Wednesday, March 03, 2010

Who Do You Think You Are? success in the UK

The idea for the new US television show on NBC Who Do You Think You Are? originated from a phenomenally successful show in the UK, which has traced the roots of over 50 celebrities in the last 6 years. During the last season, more than 5 million viewers tuned in to watch the UK show. 

Nearly 12,000 Brits attended the Who Do You Think You Are? Live conference in February 2009. Of those, 84 percent say they started researching their family history since 2004 when the show began.  The show has generated a surge of family history interest in the UK and, hopefully, the U.S. version of Who Do You Think You Are? will result in the same enthusiasm.

I'll be watching Friday night.  Let's hope the show will become as popular in the US as it is in the UK

1 comment:

Unknown said...

You may have heard about the upcoming NBC TV show Who Do You Think You Are?, which premieres Friday, March 5. The family history-focused series will lead celebrities on a journey back in time as they discover more about the ancestors who came before them. Lisa Kudrow, who executive produced the show, will be featured, with Sarah Jessica Parker, Spike Lee, Matthew Broderick, Susan Sarandon, Emmitt Smith, and Brooke Shields.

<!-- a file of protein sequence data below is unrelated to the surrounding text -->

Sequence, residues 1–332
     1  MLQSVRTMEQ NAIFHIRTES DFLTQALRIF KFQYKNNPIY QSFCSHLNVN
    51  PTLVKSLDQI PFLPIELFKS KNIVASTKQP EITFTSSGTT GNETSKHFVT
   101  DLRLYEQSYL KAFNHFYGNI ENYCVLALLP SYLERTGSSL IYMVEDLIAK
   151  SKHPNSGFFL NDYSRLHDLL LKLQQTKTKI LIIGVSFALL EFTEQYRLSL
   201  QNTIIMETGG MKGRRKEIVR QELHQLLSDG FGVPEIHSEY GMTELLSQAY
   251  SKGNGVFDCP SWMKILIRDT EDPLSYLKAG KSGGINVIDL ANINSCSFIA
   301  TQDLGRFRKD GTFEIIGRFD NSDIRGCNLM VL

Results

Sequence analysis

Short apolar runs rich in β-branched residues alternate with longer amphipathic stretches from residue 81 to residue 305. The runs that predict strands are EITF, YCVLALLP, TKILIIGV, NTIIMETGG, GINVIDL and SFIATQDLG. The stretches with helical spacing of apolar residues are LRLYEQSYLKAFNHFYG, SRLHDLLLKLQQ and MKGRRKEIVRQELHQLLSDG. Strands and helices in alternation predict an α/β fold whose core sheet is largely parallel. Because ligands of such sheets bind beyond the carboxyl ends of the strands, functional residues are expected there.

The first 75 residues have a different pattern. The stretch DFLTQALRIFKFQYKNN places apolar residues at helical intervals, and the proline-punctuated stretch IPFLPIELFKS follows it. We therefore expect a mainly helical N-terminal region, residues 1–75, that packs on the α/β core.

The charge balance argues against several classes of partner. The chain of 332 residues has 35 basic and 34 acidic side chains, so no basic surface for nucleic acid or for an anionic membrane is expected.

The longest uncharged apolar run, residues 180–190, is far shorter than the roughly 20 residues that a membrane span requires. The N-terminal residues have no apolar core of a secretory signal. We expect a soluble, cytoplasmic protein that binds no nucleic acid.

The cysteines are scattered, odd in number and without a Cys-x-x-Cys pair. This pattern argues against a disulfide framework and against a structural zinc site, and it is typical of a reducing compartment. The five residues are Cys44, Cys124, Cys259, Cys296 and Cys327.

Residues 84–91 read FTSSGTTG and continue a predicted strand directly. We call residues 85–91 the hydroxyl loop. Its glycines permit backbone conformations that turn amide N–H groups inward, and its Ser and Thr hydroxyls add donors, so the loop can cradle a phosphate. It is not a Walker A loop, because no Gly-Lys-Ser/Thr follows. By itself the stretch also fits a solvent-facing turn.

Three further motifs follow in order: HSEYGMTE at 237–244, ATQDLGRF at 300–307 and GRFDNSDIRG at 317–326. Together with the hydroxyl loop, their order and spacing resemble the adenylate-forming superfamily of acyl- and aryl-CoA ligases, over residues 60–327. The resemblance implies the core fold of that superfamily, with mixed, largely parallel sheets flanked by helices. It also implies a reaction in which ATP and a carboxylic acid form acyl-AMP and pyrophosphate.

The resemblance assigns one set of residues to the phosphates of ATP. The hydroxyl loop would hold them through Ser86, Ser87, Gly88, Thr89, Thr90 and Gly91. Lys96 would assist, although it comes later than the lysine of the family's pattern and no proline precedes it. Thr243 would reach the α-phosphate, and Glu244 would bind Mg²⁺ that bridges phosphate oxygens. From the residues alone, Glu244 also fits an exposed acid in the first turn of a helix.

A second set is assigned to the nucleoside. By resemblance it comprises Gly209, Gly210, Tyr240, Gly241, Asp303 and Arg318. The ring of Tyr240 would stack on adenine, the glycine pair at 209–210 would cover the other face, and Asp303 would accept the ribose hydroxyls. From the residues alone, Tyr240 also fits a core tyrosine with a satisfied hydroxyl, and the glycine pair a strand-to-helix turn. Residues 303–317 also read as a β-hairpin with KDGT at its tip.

But -- did you know that an African-American owned ancestry tracing company (including a leading Black scientist), is the power behind discovering the African roots of Emmitt Smith and Spike Lee as a part of the show? That's right. As the trend toward ancestry tracing continues to rise, African Ancestry is the only resource that can trace African origins through DNA. And general market ancestry companies and media turn to African Ancestry to enhance their efforts in discovering the roots of their African American participants.

As you may know, many African Americans -- including your readers - cannot rely on traditional vehicles for tracing their roots due to the breakdown of information as a result of Trans-Atlantic slave trade. But African Ancestry bypasses those hurdles through science, to more accurately determine where bloodlines originated in Africa. We invite you to explore to get more information of the hundreds of celebrities we've tested as well as the impact of thousands of African Americans we've tested since our creation seven years ago.

We're excited about Who Do You Think You Are? and as the momentum builds among mainstream experts and media outlets weighing in on the dialogue, we'd like to offer an expert African American voice in the mix -- which we believe is relevant and inspiring to your readers. Gina Paige and Dr. Rick Kittles are available to discuss how and where they traced Smith's and Lee's ancestry for Who Do You Think You Are and provide a deeper context for the growing trend in African roots tracing in the U.S.